What I refer to as the internal struggle characterizing Mexican philosophy can be traced to an external expectation of what philosophy is. Before this expectation, Mexican philosophers hesitate. In the temporality of that hesitation, philosophers either rush to meet the criteria that the “is” demands and has historically demanded, or they pursue a path of resistance, where the “is” is challenged, and instead of philosophy demanding something of the philosopher, the philosopher demands something of philosophy itself. The second of these options, however, traps one in a double bind. Demanding something of philosophy will require appropriation of existential insights arrived at by someone from a different historical and cultural situation (for instance, Mexican thinkers reading Merleau-Ponty’s thoughts on embodiment). But when this takes place, philosophical pronouncements resulting from this appropriation are chastised as derivative. When appropriation is lacking, and the thinker refuses to go outside his own sphere of ownness, the thinking is accused of being unphilosophical. There is no way out of this double bind. There is only avoidance: that is, one must not hesitate.

But hesitation before the demands of philosophy is unavoidable, especially for subjects for whom philosophy represents the highest achievement of Western culture and against whom this achievement was utilized as a tool of subjugation, a tool branded with the insignia of conquest and imperialism. Consequently, hesitation before the demands of philosophy has led to a perceived lack of a philosophical tradition belonging to those subjects, dwelling as they are in historical spaces formed by Western power, namely, Mexico and elsewhere in the “underdeveloped world.”5

The Mexican philosopher Carlos Pereda (2006) has recently diagnosed what he calls the problem of “invisibility” in Latin American philosophy. He bears down on three “internal causes” that explain why philosophers in Latin American and Mexico have hesitated before philosophy, or why Mexican and Latin American philosophy has not confidently affirmed itself as philosophy; and why Mexican and Latin American philosophy has not received the attention it so desperately craves. These three causes are “subaltern fervor,” “craving for novelty,” and “national enthusiasm” (2006, 193). All are, says Pereda, “vices of our arrogant reason, results of our colonial heredity” (193). All three vices, he argues, are present in Mexican philosophy and contribute to that tension between, on the one hand, the desire for universality in philosophy and, on the other, the insistence on rootedness, circumstance, or, as he terms it, regionalism (200n7). The results of these inherited vices of colonial heredity are manifested in the stifling of the philosophical project in Mexico (and Latin America) and are, in large part, responsible for the unresolved tensions regarding what philosophy ought to be and how it ought to do. Pereda offers a way out of “our arrogant reason”—the way out has to do with emulating the style and purpose of the Latin American “essay”—but not before declaring the greater portion of existing philosophical thought and the most productive moments in the history of that thought victims of these vices.

Relating to our present theme, it is worth noting that according to Pereda’s account, Mexican philosophers who became “impassioned existentialists” were merely suffering from the “subaltern fervor” that affected “impressionable youth” of the time, who then went on to endlessly repeat its “formulas” without question (2006, 193-194). However, and against Pereda, I emphasize that these impassioned existentialists did more than mimic the French school; their readings aimed to go beyond what was given in the text through acts of, sometimes, violent appropriation. In other words, while some readings were certainly lax or passive and hinted at mimicry (e.g., Guerra’s reading of Sartre during the 1948 IFAL lectures), those we have considered were not, and were aimed, rather, at liberation and self-knowledge (such as Zea’s, or los hiperiones Uranga’s and Villoro’s).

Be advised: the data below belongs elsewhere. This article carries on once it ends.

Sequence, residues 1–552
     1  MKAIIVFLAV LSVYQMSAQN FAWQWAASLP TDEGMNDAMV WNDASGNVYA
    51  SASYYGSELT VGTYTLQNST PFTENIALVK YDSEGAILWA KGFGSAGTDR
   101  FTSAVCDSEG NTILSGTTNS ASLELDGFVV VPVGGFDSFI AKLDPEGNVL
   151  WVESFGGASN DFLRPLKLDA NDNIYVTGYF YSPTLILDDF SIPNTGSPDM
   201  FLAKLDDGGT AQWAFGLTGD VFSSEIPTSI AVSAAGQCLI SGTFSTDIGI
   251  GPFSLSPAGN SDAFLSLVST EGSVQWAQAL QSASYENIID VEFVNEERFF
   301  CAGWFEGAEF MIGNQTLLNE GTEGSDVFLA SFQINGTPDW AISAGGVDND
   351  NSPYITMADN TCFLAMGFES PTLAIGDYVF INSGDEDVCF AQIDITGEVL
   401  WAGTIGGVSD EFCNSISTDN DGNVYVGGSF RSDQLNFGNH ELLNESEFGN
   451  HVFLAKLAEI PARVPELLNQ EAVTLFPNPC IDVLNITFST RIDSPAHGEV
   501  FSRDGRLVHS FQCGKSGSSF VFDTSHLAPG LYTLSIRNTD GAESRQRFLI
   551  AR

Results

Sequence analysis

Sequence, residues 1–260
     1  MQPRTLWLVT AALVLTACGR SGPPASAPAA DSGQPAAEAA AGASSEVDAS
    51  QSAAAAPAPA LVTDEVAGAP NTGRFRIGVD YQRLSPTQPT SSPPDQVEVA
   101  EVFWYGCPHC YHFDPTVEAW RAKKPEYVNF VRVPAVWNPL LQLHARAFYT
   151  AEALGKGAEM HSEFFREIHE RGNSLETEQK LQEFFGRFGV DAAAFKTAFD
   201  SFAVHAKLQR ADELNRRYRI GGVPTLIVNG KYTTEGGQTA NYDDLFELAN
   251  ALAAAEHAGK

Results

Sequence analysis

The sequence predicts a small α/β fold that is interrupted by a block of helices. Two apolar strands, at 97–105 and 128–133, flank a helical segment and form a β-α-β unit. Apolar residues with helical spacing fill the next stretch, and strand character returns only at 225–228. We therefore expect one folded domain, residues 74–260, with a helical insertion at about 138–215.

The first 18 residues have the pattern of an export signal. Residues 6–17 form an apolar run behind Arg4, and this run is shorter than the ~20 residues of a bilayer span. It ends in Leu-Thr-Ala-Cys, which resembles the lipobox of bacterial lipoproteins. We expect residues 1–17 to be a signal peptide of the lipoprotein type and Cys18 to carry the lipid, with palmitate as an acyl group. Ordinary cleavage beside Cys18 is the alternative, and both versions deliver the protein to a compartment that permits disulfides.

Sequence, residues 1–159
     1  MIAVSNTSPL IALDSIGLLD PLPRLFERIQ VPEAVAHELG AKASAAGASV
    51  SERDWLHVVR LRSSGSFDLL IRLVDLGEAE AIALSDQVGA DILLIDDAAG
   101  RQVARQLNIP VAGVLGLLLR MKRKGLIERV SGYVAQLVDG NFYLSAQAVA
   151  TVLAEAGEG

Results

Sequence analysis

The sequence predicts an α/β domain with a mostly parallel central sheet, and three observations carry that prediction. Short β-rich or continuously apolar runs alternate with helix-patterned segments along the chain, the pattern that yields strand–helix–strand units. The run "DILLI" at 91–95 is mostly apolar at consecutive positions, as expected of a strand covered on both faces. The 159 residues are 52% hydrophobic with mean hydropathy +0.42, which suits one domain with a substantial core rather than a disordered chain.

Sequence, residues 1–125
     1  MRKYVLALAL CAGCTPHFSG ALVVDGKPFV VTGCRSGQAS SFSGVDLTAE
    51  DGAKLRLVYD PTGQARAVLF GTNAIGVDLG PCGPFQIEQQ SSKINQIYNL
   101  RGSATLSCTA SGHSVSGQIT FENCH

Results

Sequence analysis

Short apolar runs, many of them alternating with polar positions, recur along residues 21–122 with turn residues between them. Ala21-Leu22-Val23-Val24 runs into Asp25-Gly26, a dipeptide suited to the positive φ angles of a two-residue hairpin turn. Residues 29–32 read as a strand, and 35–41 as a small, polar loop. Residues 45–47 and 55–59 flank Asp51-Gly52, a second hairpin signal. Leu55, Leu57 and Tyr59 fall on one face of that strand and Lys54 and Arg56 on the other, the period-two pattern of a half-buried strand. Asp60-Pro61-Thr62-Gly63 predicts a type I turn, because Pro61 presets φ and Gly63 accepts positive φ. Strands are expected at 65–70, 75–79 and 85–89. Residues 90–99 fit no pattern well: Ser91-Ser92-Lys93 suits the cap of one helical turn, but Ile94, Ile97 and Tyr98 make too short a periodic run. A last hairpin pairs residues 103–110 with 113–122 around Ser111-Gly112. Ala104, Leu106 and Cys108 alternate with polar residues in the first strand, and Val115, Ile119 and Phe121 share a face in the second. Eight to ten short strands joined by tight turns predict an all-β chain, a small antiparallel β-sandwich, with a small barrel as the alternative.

Pereda’s indictment of the impassioned existentialists can be narrowed down to his own views on what philosophy ought to be, namely, a rootless, unbounded, detached “delving into everything” that owes nothing to anyone, not even Europe or Eurocentrism (2006, 201n10). According to this account, attachment of the Mexican existentialist to “Mexican,” “existentialism,” and Europe (France or Germany) betrays philosophy on all counts.

But the notion that philosophy is, as Pereda says, a “delving into everything” seems to suffer from a performative shortcoming, namely, that in delving into everything one must delve into something. Not to mention that “everything” seems even more abstract than saying that philosophy is a transcendence of contingency. Indeed, delving into everything assumes the possibility, and necessity, of a God’s-eye view. But perhaps all that Pereda means is that philosophy ought not to concern itself with somethings, and that philosophers ought not to be so ready to jump on philosophy bandwagons when they come rolling by. Again, I do not think that this is what Mexican existentialists were doing at all. The real issue, I want to insist, is that there is a palpable tension here, one that swings the passions either to the side of those who see philosophy as “delving into everything and nothing” and those that see it as always “delving into something.”

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